7 practices of a great mentor

Friday, January 8th, 2016

BACKGROUND

The idea of mentorship is often misunderstood and in many instances the true value of it is grossly underrated. Those that have chosen to become mentors often face some very challenging situations and have to make some fairly interesting decisions. When entered into positively and wholeheartedly, the mentorship that one provides will have an invaluable and life-changing impact on those who are taken under-wing.

Mentorship commonly occurs in a very informal manner. People ask their friends, family members, peers and employers to be their mentors. For those who say yes to this magnanimous responsibility, a question naturally arises — how do I become a great mentor?

To assist you in your journey of mentorship, we have compiled a list of the top seven practices you can implement in order to be great mentor:

  1. Start by getting to know your mentee
    As obvious as this may sound, it is vital for you to establish a bond with your mentee. Nothing of substance will happen unless you have a good, healthy relationship that is built on the fundamentals of trust, value, respect and appreciation.
  1. Establish working agreements
    It is vital that you and your mentee set ground rules from the word “go”. Do this by establishing basic structures that you and your mentor will abide by. This will ensure that you can work with set and realistic expectations.
  1. Support and challenge your mentee
    You mentee needs to be comfortable within the relationship they have with you. Yet, in the same breath, you also need to challenge your mentee to bring out the best in them. Tough love isn’t always the answer; your mentee also needs to see a softer side of you.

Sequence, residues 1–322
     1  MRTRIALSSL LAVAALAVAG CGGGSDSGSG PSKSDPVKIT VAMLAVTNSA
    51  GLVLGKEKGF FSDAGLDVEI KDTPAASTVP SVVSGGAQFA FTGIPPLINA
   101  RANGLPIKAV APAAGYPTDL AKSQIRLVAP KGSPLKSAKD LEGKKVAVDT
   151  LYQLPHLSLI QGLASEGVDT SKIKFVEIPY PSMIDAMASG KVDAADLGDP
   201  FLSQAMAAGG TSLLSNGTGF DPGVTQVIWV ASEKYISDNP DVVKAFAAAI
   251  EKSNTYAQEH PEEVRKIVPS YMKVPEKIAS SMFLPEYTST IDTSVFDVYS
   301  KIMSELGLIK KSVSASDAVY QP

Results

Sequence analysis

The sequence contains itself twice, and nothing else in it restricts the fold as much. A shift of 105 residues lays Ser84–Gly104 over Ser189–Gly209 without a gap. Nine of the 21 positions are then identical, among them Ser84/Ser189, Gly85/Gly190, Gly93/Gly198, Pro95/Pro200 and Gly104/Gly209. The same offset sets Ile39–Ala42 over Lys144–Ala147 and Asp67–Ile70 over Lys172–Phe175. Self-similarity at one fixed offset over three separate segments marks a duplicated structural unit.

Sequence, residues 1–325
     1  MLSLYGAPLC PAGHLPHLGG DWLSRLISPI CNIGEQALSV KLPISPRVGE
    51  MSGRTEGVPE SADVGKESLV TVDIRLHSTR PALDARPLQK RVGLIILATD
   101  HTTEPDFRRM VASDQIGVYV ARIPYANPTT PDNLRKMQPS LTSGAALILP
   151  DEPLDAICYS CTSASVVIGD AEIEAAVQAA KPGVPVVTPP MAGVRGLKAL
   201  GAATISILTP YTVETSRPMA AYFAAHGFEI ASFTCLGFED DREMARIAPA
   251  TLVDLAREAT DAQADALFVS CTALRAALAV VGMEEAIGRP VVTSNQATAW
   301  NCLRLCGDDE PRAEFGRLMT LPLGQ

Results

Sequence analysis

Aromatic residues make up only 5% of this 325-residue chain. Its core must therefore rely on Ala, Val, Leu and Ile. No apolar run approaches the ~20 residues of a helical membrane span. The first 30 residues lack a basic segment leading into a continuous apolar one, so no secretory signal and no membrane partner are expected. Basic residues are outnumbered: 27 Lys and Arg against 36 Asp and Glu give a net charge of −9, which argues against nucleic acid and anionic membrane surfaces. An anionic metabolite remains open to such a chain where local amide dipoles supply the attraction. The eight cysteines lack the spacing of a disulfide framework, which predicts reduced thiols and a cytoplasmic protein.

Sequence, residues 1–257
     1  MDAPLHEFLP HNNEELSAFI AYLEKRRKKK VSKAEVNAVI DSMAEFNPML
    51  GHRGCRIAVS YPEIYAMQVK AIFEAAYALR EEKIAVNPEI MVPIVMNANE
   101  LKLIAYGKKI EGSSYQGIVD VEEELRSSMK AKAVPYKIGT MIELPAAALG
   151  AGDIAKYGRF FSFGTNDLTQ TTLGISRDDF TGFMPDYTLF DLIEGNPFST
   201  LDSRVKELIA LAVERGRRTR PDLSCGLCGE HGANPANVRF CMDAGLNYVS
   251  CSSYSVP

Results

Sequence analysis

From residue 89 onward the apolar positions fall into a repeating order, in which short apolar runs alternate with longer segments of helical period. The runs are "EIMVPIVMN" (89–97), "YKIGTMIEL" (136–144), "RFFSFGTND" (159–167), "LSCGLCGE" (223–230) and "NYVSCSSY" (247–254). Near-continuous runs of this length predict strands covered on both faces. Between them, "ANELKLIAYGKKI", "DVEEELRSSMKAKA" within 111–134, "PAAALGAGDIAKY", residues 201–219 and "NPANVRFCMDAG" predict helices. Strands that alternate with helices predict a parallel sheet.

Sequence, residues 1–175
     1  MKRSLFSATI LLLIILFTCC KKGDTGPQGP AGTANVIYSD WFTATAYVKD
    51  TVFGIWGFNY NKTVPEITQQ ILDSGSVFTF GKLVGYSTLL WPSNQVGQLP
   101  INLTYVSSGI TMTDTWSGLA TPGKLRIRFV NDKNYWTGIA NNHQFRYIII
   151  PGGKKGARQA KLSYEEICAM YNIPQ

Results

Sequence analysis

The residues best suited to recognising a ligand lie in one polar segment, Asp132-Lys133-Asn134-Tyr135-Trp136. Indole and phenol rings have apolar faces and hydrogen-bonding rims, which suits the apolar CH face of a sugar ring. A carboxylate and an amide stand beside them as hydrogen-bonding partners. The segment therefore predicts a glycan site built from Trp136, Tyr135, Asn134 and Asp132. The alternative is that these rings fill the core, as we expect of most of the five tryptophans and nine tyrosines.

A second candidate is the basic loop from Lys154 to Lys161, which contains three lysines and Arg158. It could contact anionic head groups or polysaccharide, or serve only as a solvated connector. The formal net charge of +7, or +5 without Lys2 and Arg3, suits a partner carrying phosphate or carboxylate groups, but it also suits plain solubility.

1. Engage in meaningful conversation
    Light banter on occasion is a great way to strengthen your bond. It is, however, imperative that you try and go deeper—dissect your mentee’s state of mind. Ask them about their successes or past failures—what they like and dislike about themselves. These types of conversations will help you to identify what pressing issues you may need to deal with.
  1. Ask questions rather than give answers
    Allow your mentees to arrive at their own insights rather then drawing conclusions for them. Consider asking probing questions; push your mentee think deeply and reflect on their actions and decisions.
  1. Balance talking and listening
    One of the reasons people seek mentorship is that they want advice and guidance from people who have “been there and done that” successfully. As a mentor you are naturally inclined to give advice every chance you get—avoid this. A mentee wants more than good advice, they also want someone to listen to them and hear what they have to say.
  1. Remember that mentorship is all about learning
    If you take the step to become a mentor it is important that you do so with an open mind. Be ready to teach, but most importantly be ready to learn from your mentees as well. Take the time to develop robust learning goals for you and your mentee. Remember when you grow, your mentee grows.

Through our 18+ campaign, SAB is asking responsible people to take up the mantle of mentorship in the stand against underage drinking. To find out more visit: http://www.sab.co.za/responsible-consumption/bethementor/

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